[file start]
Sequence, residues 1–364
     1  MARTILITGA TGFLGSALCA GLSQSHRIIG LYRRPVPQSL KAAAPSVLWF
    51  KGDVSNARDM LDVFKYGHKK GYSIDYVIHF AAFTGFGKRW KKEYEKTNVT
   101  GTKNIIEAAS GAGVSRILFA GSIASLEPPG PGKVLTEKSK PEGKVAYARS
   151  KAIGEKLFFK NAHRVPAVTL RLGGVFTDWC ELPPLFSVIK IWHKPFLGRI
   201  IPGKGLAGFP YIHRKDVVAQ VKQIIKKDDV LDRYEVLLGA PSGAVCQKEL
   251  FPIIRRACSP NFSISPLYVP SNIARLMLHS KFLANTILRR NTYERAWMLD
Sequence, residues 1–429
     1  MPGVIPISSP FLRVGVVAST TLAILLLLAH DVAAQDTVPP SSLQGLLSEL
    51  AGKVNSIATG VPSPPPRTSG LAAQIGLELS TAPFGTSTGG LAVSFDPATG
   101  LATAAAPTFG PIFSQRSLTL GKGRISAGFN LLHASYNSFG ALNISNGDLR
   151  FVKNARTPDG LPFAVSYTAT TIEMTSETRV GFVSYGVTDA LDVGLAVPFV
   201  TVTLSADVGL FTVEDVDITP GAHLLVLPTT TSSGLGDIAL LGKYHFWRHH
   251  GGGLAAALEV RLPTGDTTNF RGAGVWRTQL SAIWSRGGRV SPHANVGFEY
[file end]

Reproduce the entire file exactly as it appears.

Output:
Sequence, residues 1–364
     1  MARTILITGA TGFLGSALCA GLSQSHRIIG LYRRPVPQSL KAAAPSVLWF
    51  KGDVSNARDM LDVFKYGHKK GYSIDYVIHF AAFTGFGKRW KKEYEKTNVT
   101  GTKNIIEAAS GAGVSRILFA GSIASLEPPG PGKVLTEKSK PEGKVAYARS
   151  KAIGEKLFFK NAHRVPAVTL RLGGVFTDWC ELPPLFSVIK IWHKPFLGRI
   201  IPGKGLAGFP YIHRKDVVAQ VKQIIKKDDV LDRYEVLLGA PSGAVCQKEL
   251  FPIIRRACSP NFSISPLYVP SNIARLMLHS KFLANTILRR NTYERAWMLD
Sequence, residues 1–429
     1  MPGVIPISSP FLRVGVVAST TLAILLLLAH DVAAQDTVPP SSLQGLLSEL
    51  AGKVNSIATG VPSPPPRTSG LAAQIGLELS TAPFGTSTGG LAVSFDPATG
   101  LATAAAPTFG PIFSQRSLTL GKGRISAGFN LLHASYNSFG ALNISNGDLR
   151  FVKNARTPDG LPFAVSYTAT TIEMTSETRV GFVSYGVTDA LDVGLAVPFV
   201  TVTLSADVGL FTVEDVDITP GAHLLVLPTT TSSGLGDIAL LGKYHFWRHH
   251  GGGLAAALEV RLPTGDTTNF RGAGVWRTQL SAIWSRGGRV SPHANVGFEY